(function() { var cookie = 'rebelmouse_abtests='; cookie += '; Max-Age=0'; document.cookie = cookie + '; Path=/; SameSite=None; Secure'; })();

Want to really "wow" the interviewer? Use competitive intelligence. The term refers to pre-information. How does this apply to job seekers? Competitive intelligence is valuable information you can demonstrate to potential employers you have foresight about their product, service, and company. Let's suppose you're applying for a position at a top retailer. You find yourself on an interview panel, and the inevitable question is posed by the interviewer, "WHY do you want to work for OUR company?" In your mind, you compose yourself in the heat of fire and formulate a response that represents competitive intelligence. Whether you are crafting a "sales letter," cover letter, or are promoting your USP (unique sales points) during an interview, find out essential points about your desirable company or business such as:

  • Competitors' distinguishing features, products, and services.
  • Competitors' strengths and weaknesses.
    • Example: If you're preparing for an interview, be a sleuth and visit the employer to evaluate what they're doing and not so well. This is not unlike a "mystery shopper." In military terms, it's doing a "recce," by paying a visit to the site. If a visit is not possible, visit an employer's web site/Facebook page and go to the competitor's web pages and see what they are lacking.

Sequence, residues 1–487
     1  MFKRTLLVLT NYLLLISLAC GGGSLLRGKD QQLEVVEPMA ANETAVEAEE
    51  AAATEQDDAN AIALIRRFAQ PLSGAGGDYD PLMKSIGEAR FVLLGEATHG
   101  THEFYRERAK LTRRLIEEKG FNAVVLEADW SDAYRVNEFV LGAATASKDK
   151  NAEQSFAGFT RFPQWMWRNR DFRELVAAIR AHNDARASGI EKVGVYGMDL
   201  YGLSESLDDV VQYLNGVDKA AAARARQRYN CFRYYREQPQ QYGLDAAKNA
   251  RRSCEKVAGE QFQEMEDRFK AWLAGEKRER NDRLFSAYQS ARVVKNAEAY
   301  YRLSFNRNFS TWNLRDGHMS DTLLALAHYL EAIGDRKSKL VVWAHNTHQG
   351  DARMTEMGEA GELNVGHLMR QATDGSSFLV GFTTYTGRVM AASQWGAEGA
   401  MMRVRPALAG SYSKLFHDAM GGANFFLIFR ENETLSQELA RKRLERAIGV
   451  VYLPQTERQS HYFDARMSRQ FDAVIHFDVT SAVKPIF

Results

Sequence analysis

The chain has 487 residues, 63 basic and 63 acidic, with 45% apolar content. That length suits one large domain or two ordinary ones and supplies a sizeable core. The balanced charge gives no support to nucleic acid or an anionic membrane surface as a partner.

• After doing preliminary research on the competitor, tell your desirable employer what YOU can offer and how you would improve upon what the competitor is doing.
  • Present these findings briefly during an interview and then discuss what you would propose to do in the first 90 days of your hire.
    • Peggy McKee refers to this as the "30/60/90 day" sales technique. Use your competitive intelligence information to apply the ABC (always be closing) tactic to get yourself hired.
If you take this approach, employers will take you seriously as a candidate. Even better, you will hold enough sway for employers to evaluate you or advance to the second round of interviews. Use competitive intelligence to your advantage and slay your competitors! Photo Credit: Shutterstock
Learn how to land a career you love

Understanding your target audience is critical as this information will define every strategy you execute. This article will go over what a target audience is, the importance of a target audience, and the difference between a target market vs. a target audience with examples.

SHOW MORE Show less

One of the greatest struggles in life is finding your passion—the one thing that lights up your soul more than anything else. Society often tells us we should tie our passion to a job, something we can make a career out of and support ourselves on. The reality is that finding your passion and pursuing it is much deeper than that.

SHOW MORE Show less